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An Apple iPhone 4 was glowing red hot and emitted a "significant amount" of dense smoke as it spontaneously combusted on board a flight in Australia in the second reported incident of its kind in the past month.
It's not the first time electronic devices have exploded or caught fire. Numerous incidents have occurred over the past decade including Dell laptops catching fire, a journalist's LG phone catching fire and Sony Australia recalling 4300 laptops (440,000 globally) from its Vaio TZ series due to fears they could overheat, damaging the machines and potentially burning users. In 2009 iPhone users in France also reported similar incidents.
The incident involving a passenger's iPhone 4 glowing red hot occurred on board Regional Express flight ZL319 operating from Lismore to Sydney last Friday after landing, the airline reported.
The second incident, which Fairfax Media was made aware of by an anonymous reader, allegedly happened on November 3 when their iPhone 3GS (an earlier model) did something similar. The reader provided pictures as evidence.
In an emailed statement at 12.35pm today, Apple Australia spokeswoman Fiona Martin said the company was looking "forward to working with officials" investigating the first incident. No comment was offered on the second incident.
In a statement regarding the first incident, Regional Express said a flight attendant carried out "recovery actions" immediately and that the red glow was extinguished successfully, adding that the matter has been reported to the Australian Transport Safety Bureau (ATSB) as well as the Civil Aviation Safety Authority (CASA) for investigation and directions. All passengers and crew on board were unharmed, the airline said.
CASA spokesman Peter Gibson told Fairfax today that the ATSB was going to strip the iPhone 4 down "and try and understand what happened". The intention was "to do that some time this week", he said, adding that the iPhone 4 was no longer operational. Anecdotally he had never heard of a similar incident occurring during or after a flight.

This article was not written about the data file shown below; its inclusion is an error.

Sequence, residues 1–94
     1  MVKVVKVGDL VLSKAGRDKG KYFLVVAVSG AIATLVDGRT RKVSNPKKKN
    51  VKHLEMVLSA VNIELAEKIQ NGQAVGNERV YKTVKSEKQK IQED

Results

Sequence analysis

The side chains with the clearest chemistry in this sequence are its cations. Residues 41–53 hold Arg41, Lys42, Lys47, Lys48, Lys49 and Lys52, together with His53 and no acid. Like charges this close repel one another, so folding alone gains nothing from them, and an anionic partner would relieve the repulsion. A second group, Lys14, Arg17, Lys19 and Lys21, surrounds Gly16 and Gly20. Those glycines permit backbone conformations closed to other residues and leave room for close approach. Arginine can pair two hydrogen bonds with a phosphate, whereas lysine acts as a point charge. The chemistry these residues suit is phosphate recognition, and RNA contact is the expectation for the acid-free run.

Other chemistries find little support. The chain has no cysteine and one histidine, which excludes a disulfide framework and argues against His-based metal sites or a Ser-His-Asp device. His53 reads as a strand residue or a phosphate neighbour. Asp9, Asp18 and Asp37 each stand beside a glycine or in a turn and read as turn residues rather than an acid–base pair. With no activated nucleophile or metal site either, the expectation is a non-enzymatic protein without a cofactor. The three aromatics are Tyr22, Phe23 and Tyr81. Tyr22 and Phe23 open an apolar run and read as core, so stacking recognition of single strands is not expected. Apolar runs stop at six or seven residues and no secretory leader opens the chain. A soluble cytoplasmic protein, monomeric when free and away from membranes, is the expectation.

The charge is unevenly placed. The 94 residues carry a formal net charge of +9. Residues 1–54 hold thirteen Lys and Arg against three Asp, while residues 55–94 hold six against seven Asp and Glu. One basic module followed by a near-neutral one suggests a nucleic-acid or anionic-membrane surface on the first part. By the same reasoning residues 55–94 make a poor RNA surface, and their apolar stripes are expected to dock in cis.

An ATSB spokeswoman said it was very early in their investigation "for anything to happen in regards to the investigation". Its website lists the incident as involving fumes, smoke and fire.
The second incident involved an iPhone 3G model's battery allegedly exploding after a software upgrade.
"My iPhone was expanding in size in terms of its width," the anonymous reader said. "[It] continued to grow in size. Before long the phone refused to even turn on and ... just expanded to what it looks like now."
The reader noted that - like others - their battery life "was rapidly shrinking after updating to the iOS5 .... so much so that it would go completely flat once I got to 30 per cent". Apple acknowledged battery life issues remained after another update.
The reader suspected there was a clear link between their upgrade to the iOS5 software and their battery "exploding".
They said that what was "even worse" was the fact that Apple requested $89 for their iPhone 3GS to be fixed. "I'm the person who lost all their contacts, all my saved university files, all my photos - and now I'm the one whose being asked to fork out the dollars to get it fixed. Are you kidding me?"
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